Our Unitarian Church North building
stands on 8 acres amid what was the ancestral home of the Potawatomi and Ho Chunk Indigenous people during the 1700s. As European settlers began coming to live in Wisconsin in the 1800s, they bought and cleared the prairie land and woodlands for farming. The Indigenous people along the western shore of Lake Michigan began moving west, and some Potawatomi moved north to stay.
UCN’s church building is a replication of the 8-sided barns built in this area in the late 1800s, several built by the Clausing family, Prussian immigrants to Wisconsin. Choosing this style of construction is our way to respect history, remain custodians of the land we own, and build with natural and sustainable materials.
Our 8-sided barn building was built for UCN in 1986, and an addition was constructed in the early 1990’s. The Building Committee of volunteers keeps the building in good repair, with professional help when needed. The peaked roof and cupola are visible within the natural landscape we have preserved, as you drive past 13800 N. Port Washington Road (County Highway W), Mequon, WI.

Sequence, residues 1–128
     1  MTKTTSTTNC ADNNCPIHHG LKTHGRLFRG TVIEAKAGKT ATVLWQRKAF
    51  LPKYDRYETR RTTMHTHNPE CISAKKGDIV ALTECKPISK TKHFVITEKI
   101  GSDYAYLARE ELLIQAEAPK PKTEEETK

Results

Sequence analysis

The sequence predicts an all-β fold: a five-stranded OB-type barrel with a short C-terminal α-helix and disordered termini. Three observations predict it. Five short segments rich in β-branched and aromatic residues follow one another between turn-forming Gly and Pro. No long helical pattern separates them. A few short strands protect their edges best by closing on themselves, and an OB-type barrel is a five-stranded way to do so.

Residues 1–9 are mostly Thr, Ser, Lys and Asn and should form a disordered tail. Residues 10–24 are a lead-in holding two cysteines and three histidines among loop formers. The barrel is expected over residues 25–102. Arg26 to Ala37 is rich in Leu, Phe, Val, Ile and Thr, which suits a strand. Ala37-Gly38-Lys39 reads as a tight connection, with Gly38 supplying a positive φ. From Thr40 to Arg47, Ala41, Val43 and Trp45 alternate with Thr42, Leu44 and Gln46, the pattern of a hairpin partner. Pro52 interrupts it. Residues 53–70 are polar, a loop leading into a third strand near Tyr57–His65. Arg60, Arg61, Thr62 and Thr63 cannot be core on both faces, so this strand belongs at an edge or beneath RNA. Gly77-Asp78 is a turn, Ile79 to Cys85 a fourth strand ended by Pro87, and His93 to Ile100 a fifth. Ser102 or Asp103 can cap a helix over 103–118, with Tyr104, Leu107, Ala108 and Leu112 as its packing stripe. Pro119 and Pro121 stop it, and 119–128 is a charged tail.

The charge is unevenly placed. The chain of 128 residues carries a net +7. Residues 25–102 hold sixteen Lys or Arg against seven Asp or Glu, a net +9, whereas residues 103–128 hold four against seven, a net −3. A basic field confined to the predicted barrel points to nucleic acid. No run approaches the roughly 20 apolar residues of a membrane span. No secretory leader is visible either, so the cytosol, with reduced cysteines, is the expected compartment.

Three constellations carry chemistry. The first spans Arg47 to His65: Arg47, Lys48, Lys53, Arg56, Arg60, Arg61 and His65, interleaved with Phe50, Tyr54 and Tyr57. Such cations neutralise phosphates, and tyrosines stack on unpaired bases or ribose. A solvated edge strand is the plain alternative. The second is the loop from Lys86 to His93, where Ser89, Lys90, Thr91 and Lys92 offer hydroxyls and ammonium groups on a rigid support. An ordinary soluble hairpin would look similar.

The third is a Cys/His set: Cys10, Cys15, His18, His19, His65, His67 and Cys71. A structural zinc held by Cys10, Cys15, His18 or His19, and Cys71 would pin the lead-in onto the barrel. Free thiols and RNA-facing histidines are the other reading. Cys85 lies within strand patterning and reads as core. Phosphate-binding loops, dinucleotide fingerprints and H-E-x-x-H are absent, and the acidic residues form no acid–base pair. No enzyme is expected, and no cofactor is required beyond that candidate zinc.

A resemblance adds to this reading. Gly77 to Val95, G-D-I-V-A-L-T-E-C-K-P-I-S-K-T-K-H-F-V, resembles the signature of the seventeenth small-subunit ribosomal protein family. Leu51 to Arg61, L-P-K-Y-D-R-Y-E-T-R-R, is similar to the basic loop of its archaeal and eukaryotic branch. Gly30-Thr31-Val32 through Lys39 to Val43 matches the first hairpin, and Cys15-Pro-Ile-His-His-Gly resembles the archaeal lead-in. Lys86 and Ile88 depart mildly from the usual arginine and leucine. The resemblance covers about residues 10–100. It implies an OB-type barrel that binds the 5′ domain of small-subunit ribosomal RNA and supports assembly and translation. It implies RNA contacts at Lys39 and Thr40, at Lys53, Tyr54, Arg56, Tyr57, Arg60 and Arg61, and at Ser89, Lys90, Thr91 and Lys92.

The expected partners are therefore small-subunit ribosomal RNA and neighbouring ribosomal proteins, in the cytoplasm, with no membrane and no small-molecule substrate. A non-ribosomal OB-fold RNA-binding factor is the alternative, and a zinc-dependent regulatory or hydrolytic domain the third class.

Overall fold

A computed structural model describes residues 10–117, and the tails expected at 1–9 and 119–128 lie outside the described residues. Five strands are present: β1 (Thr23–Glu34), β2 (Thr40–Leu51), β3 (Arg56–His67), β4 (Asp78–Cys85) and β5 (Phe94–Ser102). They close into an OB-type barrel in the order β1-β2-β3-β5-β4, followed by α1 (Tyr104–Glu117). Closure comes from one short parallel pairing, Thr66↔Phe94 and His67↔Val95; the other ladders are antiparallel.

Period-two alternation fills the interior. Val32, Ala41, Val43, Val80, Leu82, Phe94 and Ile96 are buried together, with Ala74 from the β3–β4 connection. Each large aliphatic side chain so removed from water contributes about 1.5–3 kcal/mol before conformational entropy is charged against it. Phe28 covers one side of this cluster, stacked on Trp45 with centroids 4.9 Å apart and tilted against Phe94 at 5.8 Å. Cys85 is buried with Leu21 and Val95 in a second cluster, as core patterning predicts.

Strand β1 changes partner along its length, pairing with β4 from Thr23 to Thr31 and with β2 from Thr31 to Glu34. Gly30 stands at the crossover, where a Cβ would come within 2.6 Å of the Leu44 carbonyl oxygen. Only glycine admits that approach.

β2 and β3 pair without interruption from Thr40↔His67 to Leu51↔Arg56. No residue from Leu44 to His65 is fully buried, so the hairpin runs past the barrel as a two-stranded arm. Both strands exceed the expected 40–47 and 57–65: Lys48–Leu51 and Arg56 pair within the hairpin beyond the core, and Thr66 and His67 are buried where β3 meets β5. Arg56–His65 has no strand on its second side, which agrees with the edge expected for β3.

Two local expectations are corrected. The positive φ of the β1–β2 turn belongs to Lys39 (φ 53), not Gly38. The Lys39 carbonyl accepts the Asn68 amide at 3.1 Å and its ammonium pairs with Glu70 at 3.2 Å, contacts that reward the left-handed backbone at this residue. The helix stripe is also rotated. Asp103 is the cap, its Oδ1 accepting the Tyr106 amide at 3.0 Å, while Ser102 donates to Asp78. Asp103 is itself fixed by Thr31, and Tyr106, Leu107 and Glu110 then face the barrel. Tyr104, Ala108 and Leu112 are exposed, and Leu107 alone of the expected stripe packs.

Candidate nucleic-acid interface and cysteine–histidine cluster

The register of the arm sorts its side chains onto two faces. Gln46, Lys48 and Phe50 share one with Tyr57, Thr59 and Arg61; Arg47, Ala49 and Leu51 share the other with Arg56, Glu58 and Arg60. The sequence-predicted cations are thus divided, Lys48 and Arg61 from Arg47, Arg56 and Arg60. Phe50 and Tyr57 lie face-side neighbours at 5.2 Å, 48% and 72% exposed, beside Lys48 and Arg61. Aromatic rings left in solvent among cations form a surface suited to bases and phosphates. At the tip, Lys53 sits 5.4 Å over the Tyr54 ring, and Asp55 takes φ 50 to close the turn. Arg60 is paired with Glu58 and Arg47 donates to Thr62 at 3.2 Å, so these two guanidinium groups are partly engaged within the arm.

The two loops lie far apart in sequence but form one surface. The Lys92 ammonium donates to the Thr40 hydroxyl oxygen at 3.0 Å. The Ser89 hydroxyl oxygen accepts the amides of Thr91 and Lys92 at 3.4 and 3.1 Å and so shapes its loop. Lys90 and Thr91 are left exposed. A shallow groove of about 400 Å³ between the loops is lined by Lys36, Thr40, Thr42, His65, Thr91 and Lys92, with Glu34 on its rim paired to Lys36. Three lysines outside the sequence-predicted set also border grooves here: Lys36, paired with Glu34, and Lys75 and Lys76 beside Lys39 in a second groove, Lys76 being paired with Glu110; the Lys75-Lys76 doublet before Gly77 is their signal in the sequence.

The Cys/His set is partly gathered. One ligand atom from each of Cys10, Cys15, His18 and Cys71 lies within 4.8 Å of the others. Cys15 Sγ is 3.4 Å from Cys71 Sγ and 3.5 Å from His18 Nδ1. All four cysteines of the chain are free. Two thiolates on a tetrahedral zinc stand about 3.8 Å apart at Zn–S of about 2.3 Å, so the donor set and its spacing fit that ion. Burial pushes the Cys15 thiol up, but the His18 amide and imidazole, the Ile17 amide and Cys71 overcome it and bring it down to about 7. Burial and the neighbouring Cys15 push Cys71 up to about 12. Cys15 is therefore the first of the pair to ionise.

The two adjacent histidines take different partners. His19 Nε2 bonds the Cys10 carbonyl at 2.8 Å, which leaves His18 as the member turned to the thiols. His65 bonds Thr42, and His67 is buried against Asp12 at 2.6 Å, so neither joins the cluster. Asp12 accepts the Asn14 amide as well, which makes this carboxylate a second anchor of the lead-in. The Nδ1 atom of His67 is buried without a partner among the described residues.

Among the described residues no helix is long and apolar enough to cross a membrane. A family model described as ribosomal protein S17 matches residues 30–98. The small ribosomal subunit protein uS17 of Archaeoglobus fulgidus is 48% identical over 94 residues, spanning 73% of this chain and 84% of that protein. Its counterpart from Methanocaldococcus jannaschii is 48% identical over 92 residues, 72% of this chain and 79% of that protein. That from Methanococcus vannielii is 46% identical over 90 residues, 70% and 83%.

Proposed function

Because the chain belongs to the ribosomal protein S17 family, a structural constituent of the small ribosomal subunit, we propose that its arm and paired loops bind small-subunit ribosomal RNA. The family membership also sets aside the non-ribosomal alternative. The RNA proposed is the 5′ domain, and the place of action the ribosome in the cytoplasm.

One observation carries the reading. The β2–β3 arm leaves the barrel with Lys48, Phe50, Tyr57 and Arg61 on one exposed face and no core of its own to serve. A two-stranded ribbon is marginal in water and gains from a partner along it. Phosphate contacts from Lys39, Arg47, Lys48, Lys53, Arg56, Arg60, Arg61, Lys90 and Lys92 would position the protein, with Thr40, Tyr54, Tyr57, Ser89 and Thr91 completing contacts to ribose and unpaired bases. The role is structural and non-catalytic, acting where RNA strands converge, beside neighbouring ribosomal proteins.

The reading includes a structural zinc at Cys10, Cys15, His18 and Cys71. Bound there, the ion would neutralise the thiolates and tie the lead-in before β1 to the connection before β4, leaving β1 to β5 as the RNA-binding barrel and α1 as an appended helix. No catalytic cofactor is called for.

After the original building construction was complete, the surrounding ground was barren dirt. The volunteer Landscaping Committee worked systematically to nurture the return of the plants and grasses natural to the land. Today this natural landscape is preserved and protected all around the building.